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The role associations play for market researchers and customer experience practitioners


When Patricia Houston sought to meet marketing research professionals after grad school, her first stop was an industry association.


Houston, chief operating officer & founder of MMR LIVE, recognized associations represent an excellent opportunity to meet people within the industry, but it’s not just entry-level practitioners who benefit from associations.


“It’s not always the junior market researchers or customer experience practitioners that will benefit, more often than not it’s the mid-level or senior folks that need a boost,” she said.

She is an active participant in several associations, including the Southeast Chapter of the Insights Association, the Atlanta chapter of Women in Research (WIRe) and the Customer Experience Professionals Association (CXPA), and she recently joined the Atlanta chapter of Ladies that UX.

Houston participated in a Twitter chat (#MRXChat) hosted by Jake Pryszlak, founder of ResearchGeek, and Jamin Brazil, host of the Happy Market Research podcast. The discussion centered on associations, their benefit and how they might change in the future.


Here is more of what Houston had to say.


What are your top reasons for being a member?

There are two main reasons. The first is making new connections and uncovering opportunities that allow me to add value back into my existing network. The second is making a contribution to ensure our industry stays relevant.


When I joined the board of the Southeast Chapter of the Insights Association, I was looking to reconnect with market research professionals. After a career switch out of marketing, grad school, marriage and two kids, I knew I wanted to dive back in, and it was a great place to start!


It’s a much easier conversation to talk with a new industry contact about being involved in associations and possibly offer them something valuable, such as open speaker calls. It’s the ultimate ice breaker.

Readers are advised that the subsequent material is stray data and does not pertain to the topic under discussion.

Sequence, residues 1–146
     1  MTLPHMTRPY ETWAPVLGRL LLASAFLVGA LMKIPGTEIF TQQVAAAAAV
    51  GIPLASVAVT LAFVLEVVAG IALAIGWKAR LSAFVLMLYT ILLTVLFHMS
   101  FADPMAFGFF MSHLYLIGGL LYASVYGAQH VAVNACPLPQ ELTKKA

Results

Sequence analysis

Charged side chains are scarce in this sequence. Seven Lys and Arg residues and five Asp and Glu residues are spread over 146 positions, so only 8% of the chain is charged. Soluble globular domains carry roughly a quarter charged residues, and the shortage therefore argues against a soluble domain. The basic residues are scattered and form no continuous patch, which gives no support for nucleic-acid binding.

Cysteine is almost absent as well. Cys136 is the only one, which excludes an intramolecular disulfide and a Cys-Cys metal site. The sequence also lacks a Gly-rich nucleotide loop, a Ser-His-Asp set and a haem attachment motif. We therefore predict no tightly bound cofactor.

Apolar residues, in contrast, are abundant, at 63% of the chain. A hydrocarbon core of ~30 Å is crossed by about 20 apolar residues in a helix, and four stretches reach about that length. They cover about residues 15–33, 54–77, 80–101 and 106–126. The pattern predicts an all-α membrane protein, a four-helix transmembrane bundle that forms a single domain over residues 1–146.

Are there additional offerings associations should provide?

I don’t think they need to offer more. What’s needed, in some cases, is better communication to members and the industry about the available resources, especially in the education and mentoring space. These organizations do a great job compiling resources; we just need to get them in front of the people who will benefit the most.


It’s not always the junior market researchers or customer experience practitioners that will benefit, more often than not it’s the mid-level or senior folks that need a boost: career development, personal development, team building. Soft skills are just as necessary as the technical ones.


Have you volunteered in a leadership role? If so, why?

Yes! And I highly recommend it. Being in a leadership role allows you to gain skills outside your day-to-day job. You get stretched as a true Jill-of-all-trades, and I know I’m better for it.


The biggest plus is it puts you at the center of things, and you can influence the direction the organization is going. That doesn’t mean it’s all on your shoulders, but you don’t have a voice if you don’t speak up!


If you are on the fence, just do it! Especially if you are just starting in your career. There’s always a committee to join, and I ensure you the board will be super receptive to your help!


Are associations doing an adequate job of attracting the next generation? What can they do better?

Yes and no. The groups I see with the most engaged next-gen participants are challenging the traditional association model, and I think that trend will need to continue.


Gone are the days of high dollar individual membership fees being the only way to sustain an organization; look at other funding models. Make the barrier to entry low and shift the burden to sponsors or more senior members who are at the stage to give back


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